Estimates of the climate response to anthropogenic forcing contain irreducible uncertainty due to the presence of internal variability. Accurate quantification of this uncertainty is critical for both contextualizing historical trends and determining the spread of climate projections. The contribution of internal variability to uncertainty in trends can be estimated in models as the spread across an initial condition ensemble. However, internal variability simulated by a model may be inconsistent with observations due to model biases. Here, statistical resampling methods are applied to observations in order to quantify uncertainty in historical 50-yr (1966–2015) winter near-surface air temperature trends over North America related to incomplete sampling of internal variability. This estimate is compared with the simulated trend uncertainty in the NCAR CESM1 Large Ensemble (LENS). The comparison suggests that uncertainty in trends due to internal variability is largely overestimated in LENS, which has an average amplification of variability of 32% across North America. The amplification of variability is greatest in the western United States and Alaska. The observationally derived estimate of trend uncertainty is combined with the forced signal from LENS to produce an “Observational Large Ensemble” (OLENS). The members of OLENS indicate the range of observationally constrained, spatially consistent temperature trends that could have been observed over the past 50 years if a different sequence of internal variability had unfolded. The smaller trend uncertainty in OLENS suggests that is easier to detect the historical climate change signal in observations than in any given member of LENS.

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Yuko M. Okumura
,
David Schneider
,
Clara Deser
, and
Rob Wilson

Abstract

The Antarctic continent contains the majority of the global ice volume and plays an important role in a changing climate. The nature and causes of Antarctic climate variability are, however, poorly understood beyond interannual time scales due to the paucity of long, reliable meteorological observations. This study analyzes decadal–interdecadal climate variability over Antarctica using a network of annually resolved ice core records and various instrumental and tropical proxy data for the nineteenth and twentieth centuries. During the twentieth century, Antarctic ice core records indicate strong linkages to sea surface temperature (SST) variations in the tropical Pacific and Atlantic on decadal–interdecadal time scales. Antarctic surface temperature anomalies inferred from the ice cores are consistent with the associated changes in atmospheric circulation and thermal advection. A set of atmospheric general circulation model experiments supports the idea that decadal SST variations in the tropics force atmospheric teleconnections that affect Antarctic surface temperatures. When coral and other proxies for tropical climate are used to extend the analysis back to 1799, a similar Antarctic–tropical Pacific linkage is found, although the relationship is weaker during the first half of the nineteenth century. Over the past 50 years, a change in the phase of Pacific and Atlantic interdecadal variability may have contributed to the rapid warming of the Antarctic Peninsula and West Antarctica and related changes in ice sheet dynamics.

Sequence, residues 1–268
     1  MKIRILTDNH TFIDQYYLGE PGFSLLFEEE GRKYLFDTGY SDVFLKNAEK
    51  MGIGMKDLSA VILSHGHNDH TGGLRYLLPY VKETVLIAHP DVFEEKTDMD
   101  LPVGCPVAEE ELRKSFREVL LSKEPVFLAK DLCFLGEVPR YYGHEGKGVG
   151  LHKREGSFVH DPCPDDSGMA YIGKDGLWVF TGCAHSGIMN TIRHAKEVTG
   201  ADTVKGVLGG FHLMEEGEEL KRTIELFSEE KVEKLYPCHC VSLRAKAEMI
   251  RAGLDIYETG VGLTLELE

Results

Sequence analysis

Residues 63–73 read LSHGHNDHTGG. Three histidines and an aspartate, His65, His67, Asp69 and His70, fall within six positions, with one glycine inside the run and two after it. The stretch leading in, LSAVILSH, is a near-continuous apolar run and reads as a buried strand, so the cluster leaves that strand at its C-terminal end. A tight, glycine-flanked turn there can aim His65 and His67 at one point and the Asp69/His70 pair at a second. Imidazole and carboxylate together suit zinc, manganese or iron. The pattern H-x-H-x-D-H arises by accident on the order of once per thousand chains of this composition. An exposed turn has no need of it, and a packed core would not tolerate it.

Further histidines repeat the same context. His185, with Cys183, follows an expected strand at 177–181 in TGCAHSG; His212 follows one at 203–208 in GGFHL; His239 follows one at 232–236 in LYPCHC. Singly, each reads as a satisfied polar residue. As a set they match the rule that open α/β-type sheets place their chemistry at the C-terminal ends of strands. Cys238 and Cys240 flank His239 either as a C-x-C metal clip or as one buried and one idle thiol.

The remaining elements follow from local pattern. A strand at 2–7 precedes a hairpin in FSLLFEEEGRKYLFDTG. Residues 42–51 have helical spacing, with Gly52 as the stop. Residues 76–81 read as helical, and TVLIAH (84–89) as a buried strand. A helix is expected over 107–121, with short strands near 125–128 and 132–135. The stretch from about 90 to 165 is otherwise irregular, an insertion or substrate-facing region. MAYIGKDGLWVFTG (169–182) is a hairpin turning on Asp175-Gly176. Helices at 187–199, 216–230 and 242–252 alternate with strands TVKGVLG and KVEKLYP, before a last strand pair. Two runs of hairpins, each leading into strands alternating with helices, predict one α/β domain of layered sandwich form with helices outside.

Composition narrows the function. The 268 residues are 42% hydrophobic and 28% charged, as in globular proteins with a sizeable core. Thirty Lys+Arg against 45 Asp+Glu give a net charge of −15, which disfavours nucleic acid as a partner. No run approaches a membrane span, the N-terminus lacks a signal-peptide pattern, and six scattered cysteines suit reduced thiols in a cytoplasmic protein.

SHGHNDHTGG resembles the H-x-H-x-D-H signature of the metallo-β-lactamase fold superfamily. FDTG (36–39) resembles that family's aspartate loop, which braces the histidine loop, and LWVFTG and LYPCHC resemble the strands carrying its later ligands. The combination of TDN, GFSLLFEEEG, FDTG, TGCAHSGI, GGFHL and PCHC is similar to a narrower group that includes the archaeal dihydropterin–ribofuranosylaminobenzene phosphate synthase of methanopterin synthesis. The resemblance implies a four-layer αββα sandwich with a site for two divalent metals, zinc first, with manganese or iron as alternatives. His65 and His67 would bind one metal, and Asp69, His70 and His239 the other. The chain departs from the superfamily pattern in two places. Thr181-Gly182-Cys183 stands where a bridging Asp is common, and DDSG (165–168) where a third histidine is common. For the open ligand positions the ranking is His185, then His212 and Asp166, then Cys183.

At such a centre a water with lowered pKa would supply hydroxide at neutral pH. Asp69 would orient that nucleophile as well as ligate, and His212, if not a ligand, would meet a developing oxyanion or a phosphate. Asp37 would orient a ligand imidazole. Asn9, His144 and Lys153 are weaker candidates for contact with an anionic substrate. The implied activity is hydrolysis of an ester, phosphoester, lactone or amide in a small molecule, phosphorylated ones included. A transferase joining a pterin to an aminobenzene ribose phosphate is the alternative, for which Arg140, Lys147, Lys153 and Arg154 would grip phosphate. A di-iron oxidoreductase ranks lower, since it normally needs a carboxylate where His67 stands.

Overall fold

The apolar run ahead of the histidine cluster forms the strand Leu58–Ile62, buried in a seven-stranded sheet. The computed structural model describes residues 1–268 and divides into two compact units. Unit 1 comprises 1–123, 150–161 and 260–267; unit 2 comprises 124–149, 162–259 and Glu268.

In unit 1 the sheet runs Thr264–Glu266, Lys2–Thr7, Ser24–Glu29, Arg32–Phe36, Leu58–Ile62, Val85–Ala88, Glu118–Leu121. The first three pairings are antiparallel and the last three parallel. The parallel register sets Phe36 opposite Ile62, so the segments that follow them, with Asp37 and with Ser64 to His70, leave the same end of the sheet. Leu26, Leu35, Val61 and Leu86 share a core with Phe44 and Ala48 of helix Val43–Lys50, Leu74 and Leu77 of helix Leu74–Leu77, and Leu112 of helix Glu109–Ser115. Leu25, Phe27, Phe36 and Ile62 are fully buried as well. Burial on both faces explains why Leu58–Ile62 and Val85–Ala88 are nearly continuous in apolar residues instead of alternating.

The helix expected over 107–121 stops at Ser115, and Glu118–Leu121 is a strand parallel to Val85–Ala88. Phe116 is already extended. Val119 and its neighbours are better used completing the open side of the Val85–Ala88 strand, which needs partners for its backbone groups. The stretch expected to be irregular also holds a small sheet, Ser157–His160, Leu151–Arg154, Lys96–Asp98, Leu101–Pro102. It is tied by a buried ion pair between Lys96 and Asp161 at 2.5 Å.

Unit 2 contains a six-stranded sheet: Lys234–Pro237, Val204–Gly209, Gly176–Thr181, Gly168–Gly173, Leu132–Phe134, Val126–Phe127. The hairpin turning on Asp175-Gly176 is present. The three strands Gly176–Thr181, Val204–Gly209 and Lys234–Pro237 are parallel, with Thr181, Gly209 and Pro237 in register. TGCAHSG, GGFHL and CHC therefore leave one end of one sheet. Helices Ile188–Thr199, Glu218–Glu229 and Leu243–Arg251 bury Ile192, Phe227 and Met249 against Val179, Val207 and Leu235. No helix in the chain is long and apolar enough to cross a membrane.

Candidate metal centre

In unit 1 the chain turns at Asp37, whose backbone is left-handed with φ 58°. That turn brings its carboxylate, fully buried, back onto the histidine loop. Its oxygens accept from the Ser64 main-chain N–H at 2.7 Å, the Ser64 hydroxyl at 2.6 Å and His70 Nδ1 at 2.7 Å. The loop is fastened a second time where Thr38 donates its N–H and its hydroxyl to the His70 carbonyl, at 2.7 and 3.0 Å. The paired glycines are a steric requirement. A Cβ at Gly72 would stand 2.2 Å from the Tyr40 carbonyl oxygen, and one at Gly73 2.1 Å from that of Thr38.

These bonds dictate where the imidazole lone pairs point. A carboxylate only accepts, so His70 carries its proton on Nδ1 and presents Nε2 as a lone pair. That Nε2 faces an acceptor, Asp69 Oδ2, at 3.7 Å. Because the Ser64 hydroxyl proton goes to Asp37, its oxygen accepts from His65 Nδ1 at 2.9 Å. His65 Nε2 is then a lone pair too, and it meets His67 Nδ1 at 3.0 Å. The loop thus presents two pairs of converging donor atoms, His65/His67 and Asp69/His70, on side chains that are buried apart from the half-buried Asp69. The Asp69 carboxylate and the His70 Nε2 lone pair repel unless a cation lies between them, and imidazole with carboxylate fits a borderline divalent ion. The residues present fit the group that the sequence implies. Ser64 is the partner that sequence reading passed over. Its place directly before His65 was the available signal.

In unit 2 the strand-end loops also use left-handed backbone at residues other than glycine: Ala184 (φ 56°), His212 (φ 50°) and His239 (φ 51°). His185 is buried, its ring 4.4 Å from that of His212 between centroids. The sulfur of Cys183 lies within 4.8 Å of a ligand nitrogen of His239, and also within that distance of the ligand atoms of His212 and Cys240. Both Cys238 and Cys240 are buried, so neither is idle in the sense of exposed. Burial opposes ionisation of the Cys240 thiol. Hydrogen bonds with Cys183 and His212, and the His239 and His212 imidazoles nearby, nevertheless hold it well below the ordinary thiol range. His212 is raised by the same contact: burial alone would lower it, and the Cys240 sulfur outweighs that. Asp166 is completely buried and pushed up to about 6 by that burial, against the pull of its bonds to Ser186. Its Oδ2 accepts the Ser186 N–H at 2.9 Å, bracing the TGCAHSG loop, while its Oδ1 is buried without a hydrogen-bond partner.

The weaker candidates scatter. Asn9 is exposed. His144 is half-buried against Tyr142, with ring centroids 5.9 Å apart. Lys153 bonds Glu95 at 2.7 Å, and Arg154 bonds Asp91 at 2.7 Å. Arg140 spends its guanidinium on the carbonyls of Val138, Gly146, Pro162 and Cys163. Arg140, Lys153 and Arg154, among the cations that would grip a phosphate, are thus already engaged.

Full access
Brian Medeiros
,
Clara Deser
,
Robert A. Tomas
, and
Jennifer E. Kay

Abstract

Recent work indicates that climate models have a positive bias in the strength of the wintertime low-level temperature inversion over the high-latitude Northern Hemisphere. It has been argued this bias leads to underestimates of the Arctic’s surface temperature response to anthropogenic forcing. Here the bias in inversion strength is revisited. The spatial distribution of low-level stability is found to be bimodal in climate models and observational reanalysis products, with low-level inversions represented by a stable primary mode over the interior Arctic Ocean and adjacent continents, and a secondary unstable mode over the Atlantic Ocean. Averaging over these differing conditions is detrimental to understanding the origins of the inversion strength bias. While nearly all of the 21 models examined overestimate the area-average inversion strength, conditionally sampling the two modes shows about half the models are biased because of the relative partitioning of the modes and half because of biases within the stable mode.